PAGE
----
"Cinderella" – Fall 2015
Margie is a gifted, two-career lady. She was the principal of a visual and performing arts public elementary school for twelve years. Her devotion to kids, along with master's degrees in reading and administration, as well as advanced training in reading techniques, brain theory, phonemic awareness and visualizing/verbalizing equipped her to make a real difference that was reflected in the school "corporate culture" as well as state testing scores.
She was a much-loved leader who officially retired January 10, 2014... yippee (it took her 32 seconds to adjust)!
Exercising our faith, together we attend a local Christian church where Margie plays the pipe organ for services each week. She also has two CDs to her credit. "Reflective Meditations" is quiet, meditative Christian piano music; traditional and contemporary hymns. A favorite for many on that recording is an arrangement that intertwines "Jesus Loves Me" with "Clair de Lune". This CD is available for $12 + $3 shipping.
(click for a sample tune)
Here are some miscellaneous YouTube links with Margie playing the Wurlitzer pipe organ at Emmanuel Faith Community Church in Escondido, CA. (Some have people entering the church in front of the camera).
(The Wurlitzer theater organ has now been removed during a COVID-era
remodel of the sanctuary. An Allen Rennaissance R-380 with thirty speakers sits in the lobby awaiting installation. The recordings below are from the old Wurlitzer and will be updated in the future.)
Charles Ives, "Variations on America"
Subsequent to retirement
Margie became a CASA (Court-Appointed Special Advocate) for a foster kids, working in conjunction with Voices for Children. To learn more about this impactful work, please visit this link. Perhaps you should consider becoming a CASA in your community!
Organ/Piano Duet: "America the Beautiful"
"Crown Him With Many Crowns"
"ReJoice, The Lord is King" (practice session)
Organ/Piano/Bells: "All Hail The Power of Jesus' Name"
"Praise to the Lord the Almighty the King of Creation"
"Now Thank We All Our God" and "We Gather Together"
"Come Ye Thankful People Come"
Clocks... and all that stuff
In 1971 or thereabouts Richard "slipped out the back, Jack", purchased "our" first antique clock, and brought it home. Like most collectors, it was nothing special, but apparently it was to me, even though I can't now remember which one it was (memory is definitely the first-through-tenth thing to go)! Some 30-40 others appeared that following year. Again, nothing special.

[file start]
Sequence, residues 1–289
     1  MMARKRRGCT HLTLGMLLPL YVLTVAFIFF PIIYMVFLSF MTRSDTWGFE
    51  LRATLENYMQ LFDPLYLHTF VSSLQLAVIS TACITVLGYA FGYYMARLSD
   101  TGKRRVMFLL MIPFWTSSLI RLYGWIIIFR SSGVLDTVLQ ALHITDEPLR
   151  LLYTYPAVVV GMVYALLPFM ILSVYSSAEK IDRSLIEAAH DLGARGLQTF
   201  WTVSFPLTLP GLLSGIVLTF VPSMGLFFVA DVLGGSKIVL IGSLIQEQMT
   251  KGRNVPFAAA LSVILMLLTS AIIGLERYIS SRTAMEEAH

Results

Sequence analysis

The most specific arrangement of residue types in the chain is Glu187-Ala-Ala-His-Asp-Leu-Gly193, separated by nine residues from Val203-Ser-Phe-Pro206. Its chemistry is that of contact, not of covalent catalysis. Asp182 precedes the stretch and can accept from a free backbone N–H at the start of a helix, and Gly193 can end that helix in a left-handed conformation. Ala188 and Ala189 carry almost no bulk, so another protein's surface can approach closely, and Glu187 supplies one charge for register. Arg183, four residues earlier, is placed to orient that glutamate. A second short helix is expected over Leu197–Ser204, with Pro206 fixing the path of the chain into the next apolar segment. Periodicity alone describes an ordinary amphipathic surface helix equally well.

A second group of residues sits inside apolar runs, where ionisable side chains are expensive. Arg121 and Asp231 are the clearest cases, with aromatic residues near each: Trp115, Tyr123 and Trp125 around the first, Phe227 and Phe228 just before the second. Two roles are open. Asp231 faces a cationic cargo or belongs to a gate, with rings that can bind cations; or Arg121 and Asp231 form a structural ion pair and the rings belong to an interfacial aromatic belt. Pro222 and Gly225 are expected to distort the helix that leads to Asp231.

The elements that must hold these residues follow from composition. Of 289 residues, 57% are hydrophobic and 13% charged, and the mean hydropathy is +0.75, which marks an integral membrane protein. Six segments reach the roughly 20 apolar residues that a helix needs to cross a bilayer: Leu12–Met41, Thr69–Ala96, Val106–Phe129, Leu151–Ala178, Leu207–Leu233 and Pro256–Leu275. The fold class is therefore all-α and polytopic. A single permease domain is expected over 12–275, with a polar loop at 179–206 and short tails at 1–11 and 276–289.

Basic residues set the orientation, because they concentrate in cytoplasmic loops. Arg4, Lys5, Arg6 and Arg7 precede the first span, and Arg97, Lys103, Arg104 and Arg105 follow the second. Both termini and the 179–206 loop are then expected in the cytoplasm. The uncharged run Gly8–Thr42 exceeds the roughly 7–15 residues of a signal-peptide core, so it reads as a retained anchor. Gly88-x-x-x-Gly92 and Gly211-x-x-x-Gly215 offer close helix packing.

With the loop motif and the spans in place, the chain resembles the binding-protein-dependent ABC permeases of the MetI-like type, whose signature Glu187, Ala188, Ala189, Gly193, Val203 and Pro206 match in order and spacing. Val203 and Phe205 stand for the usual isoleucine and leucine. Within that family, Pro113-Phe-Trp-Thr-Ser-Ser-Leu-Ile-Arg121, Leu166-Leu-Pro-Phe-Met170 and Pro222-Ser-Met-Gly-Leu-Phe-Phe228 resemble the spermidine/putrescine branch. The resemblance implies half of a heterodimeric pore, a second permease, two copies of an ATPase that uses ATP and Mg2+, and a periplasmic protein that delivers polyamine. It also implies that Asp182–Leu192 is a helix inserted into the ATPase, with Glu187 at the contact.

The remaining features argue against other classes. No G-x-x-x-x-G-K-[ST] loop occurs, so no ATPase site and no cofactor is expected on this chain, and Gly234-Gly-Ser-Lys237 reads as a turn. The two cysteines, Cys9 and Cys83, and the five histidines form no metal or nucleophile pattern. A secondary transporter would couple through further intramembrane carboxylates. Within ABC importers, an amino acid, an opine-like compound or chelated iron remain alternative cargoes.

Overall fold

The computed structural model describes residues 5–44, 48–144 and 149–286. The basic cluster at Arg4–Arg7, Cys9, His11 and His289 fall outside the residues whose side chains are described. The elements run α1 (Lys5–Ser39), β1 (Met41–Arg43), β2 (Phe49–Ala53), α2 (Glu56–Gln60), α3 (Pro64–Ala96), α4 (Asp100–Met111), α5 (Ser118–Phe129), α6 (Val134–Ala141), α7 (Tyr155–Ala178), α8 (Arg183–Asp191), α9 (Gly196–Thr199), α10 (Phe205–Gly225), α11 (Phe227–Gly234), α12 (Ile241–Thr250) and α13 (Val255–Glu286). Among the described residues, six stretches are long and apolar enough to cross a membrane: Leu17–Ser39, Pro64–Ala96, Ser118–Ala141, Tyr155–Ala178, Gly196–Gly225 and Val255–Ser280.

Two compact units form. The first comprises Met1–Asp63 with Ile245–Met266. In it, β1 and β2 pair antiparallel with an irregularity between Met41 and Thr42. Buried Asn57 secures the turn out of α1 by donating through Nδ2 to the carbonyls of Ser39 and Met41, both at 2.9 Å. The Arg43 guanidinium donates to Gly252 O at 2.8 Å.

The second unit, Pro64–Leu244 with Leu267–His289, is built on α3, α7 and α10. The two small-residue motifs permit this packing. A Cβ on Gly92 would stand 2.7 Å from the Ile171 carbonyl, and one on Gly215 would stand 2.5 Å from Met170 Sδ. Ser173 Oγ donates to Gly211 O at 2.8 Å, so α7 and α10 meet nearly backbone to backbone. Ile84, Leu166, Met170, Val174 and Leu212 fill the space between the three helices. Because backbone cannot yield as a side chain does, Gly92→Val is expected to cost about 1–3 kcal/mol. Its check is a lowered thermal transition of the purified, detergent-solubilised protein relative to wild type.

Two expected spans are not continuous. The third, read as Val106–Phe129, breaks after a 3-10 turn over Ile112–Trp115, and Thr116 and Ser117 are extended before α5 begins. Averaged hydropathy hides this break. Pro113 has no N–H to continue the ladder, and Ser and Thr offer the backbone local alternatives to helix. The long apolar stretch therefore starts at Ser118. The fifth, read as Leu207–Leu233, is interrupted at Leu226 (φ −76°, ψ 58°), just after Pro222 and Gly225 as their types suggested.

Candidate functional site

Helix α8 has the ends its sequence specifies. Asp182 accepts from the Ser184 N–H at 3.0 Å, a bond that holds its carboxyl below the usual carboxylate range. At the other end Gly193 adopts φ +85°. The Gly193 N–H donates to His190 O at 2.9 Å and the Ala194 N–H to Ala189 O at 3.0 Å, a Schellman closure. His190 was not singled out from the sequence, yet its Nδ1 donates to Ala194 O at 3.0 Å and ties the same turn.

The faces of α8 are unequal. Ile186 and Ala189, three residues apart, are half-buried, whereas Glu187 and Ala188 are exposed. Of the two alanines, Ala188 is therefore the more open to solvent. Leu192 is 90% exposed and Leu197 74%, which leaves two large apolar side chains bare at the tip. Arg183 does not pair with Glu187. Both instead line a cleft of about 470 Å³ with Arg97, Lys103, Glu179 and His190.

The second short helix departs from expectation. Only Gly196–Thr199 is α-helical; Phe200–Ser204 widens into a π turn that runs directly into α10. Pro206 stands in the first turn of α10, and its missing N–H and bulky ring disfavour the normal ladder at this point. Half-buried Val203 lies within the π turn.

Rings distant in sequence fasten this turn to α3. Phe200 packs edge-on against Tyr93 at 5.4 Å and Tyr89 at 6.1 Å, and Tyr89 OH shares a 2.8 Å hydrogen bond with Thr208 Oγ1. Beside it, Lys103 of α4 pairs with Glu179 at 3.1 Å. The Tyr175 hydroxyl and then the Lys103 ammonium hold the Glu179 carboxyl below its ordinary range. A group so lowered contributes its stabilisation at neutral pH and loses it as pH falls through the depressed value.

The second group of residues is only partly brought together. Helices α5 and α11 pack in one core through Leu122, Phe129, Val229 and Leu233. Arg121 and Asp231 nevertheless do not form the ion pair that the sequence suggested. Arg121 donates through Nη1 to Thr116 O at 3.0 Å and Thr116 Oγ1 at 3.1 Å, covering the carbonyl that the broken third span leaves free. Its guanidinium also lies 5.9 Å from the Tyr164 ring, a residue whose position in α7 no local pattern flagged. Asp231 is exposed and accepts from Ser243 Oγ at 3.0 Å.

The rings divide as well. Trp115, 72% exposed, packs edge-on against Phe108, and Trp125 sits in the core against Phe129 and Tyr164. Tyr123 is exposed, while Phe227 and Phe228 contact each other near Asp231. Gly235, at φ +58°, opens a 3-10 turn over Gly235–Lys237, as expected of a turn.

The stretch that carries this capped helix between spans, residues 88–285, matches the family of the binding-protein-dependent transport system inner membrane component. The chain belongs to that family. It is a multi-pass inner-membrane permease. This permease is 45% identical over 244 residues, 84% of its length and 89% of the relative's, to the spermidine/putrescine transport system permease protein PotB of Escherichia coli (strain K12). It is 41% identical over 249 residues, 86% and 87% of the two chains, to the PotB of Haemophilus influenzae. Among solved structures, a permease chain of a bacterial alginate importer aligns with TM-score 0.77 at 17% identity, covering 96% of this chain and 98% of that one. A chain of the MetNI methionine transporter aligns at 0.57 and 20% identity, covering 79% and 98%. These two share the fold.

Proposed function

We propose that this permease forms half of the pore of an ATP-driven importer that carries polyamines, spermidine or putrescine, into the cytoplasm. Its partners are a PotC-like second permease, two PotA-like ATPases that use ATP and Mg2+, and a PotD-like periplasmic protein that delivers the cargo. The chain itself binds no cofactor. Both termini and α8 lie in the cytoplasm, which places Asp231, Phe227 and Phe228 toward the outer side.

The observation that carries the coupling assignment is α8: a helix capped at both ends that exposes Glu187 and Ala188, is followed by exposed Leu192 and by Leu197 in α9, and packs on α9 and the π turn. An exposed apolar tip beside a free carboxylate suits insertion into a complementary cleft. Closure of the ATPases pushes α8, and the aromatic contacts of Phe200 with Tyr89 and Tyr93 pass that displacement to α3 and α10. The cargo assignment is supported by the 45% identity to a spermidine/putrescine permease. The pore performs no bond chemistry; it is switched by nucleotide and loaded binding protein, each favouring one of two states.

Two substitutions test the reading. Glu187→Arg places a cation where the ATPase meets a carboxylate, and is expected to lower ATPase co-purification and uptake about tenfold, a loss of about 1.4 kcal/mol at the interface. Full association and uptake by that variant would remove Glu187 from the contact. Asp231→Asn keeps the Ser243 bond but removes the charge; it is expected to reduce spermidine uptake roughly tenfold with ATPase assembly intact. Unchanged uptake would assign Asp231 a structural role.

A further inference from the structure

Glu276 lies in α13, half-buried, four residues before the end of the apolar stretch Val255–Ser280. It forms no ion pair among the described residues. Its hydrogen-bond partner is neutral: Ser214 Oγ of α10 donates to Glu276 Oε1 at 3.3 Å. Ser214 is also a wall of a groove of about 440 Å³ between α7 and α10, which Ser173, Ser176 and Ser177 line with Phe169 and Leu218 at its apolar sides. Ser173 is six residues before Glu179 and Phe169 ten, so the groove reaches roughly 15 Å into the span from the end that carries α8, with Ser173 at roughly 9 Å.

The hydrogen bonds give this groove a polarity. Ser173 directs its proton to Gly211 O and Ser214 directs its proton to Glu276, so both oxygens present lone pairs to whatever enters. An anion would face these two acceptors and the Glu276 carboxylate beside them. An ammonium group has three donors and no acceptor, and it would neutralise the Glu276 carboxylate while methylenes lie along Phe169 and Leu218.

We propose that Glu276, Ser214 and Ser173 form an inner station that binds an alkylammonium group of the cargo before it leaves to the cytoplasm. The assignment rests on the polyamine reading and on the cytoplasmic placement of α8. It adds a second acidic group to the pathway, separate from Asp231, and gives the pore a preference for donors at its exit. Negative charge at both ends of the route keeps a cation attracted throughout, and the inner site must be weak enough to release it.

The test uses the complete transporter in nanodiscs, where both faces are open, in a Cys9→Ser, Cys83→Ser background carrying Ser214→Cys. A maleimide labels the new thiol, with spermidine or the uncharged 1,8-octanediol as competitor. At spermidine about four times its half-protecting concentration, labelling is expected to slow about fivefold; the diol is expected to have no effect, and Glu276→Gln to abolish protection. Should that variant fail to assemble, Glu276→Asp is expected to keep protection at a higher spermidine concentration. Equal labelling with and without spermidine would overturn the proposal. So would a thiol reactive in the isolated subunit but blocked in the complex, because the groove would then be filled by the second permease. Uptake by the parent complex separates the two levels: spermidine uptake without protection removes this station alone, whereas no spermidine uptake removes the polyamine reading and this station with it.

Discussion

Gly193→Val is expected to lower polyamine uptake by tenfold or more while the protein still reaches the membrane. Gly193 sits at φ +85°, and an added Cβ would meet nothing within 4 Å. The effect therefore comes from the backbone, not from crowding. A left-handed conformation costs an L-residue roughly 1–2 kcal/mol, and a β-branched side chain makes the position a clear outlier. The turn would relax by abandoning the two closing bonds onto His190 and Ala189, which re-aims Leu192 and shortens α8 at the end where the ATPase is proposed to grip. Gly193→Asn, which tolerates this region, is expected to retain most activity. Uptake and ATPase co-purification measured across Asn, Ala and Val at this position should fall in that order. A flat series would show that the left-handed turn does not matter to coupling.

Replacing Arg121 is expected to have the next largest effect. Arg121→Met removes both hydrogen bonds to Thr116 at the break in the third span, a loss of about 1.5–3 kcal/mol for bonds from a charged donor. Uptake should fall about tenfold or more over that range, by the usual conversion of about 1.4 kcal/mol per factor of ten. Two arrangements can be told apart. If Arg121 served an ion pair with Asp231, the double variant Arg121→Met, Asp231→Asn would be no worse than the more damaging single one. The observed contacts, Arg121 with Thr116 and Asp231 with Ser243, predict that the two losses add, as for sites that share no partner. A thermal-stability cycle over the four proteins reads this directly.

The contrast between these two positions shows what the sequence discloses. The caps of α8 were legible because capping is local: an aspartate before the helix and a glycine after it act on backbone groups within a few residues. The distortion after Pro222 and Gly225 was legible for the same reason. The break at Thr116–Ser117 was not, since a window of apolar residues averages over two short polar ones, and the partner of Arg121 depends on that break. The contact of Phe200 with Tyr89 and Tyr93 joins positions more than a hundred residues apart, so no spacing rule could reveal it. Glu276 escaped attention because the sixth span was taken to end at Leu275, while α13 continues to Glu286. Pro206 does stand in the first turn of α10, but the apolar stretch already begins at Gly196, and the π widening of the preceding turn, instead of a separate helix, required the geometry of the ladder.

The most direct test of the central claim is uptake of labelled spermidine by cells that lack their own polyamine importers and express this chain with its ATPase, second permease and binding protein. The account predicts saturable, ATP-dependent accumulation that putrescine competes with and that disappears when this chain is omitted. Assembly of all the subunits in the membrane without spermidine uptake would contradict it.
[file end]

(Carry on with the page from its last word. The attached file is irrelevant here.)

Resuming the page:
|In 1972, making plans to build a new home, we decided that a tubular tallcase clock would look great in the entry. A search turned up a magnificent American-cased eight-foot clock in mahogany crotchwood that takes four strong men to move... sans weights and tubes. The nine-tube movement is of German origin. The purchase necessitated liquidation of most of the typical “beginner’s” clocks in our fledgling collection in order to pay for the new tallcase; in retrospect, a blessing in disguise. Today the clock graces a high wall in our entry foyer. The case was completely French-polished three years ago (in the restoration shop for six months while we remodeled), all the brass polished and re-lacquered. It became more beautiful than ever!
During the kid-raising years we were "non-Vietnamese boat people"! Most of our free timeand certainly all of our moneywent to support a sailing habit and cruises in the waters of Southern California. Thus, not much time (or funds) for clocks back then! But that was okay...
So, back to the story, and moving forward a few years with adult kids out of the house and the "hole in the water into which you pour money" long gone: In 1997 it became clear that an elderly aunt was suffering from advanced stages of Alzheimer's, an insidious disease, to say the least. So, we divided responsibilities: My brother the lawyer was in charge of money, my mother was in charge of worrying, and I was in charge of schlepping! Among the items to be liquidated as we prepared to move her to an extended care facility was a beautiful champlevé clock and matching urns, signed "Tiffany". Some local clock dealers thought they might get fifteen hundred dollars or so for the clock on a great day in their shop, and were prepared to pay less than half that amount for the set... all seemed to be in the same ballpark; all seemed ridiculously low to me.
We hired an appraiser to assist us with valuation of a Boulle table and some other pieces. We had the opportunity/pleasure of visiting with her and her husband at their Rancho Santa Fe, CA estate. What an experience. It was like walking into a museum of French art history... from the (some signed Boulle) furniture to the paintings, porcelains, sculptures and clocks. This lady was a specialist in French antiquities. Near the end of the fact-gathering session for her research we told her about the Tiffany clock set that was not in the car with us.
Sight unseen, at 7:00 am the next morning she was on our doorstep wanting the clock and urns. She happily paid $3,000 for the clock. That small event sparked the desire to work with people selling clocks... simple as that. One thing led to another, and, voila, here we are; that was in 1998.
Thanks for taking time to get to know us a bit. We look forward to getting to know you, too. Give us a call if you want to talk about clocks or mechanical music. The cell phone is almost always available: on Mon-Sat during business hours and often on Sunday afternoons!
Questions about our business? Enjoy our FAQ section.
--=Richard & Margie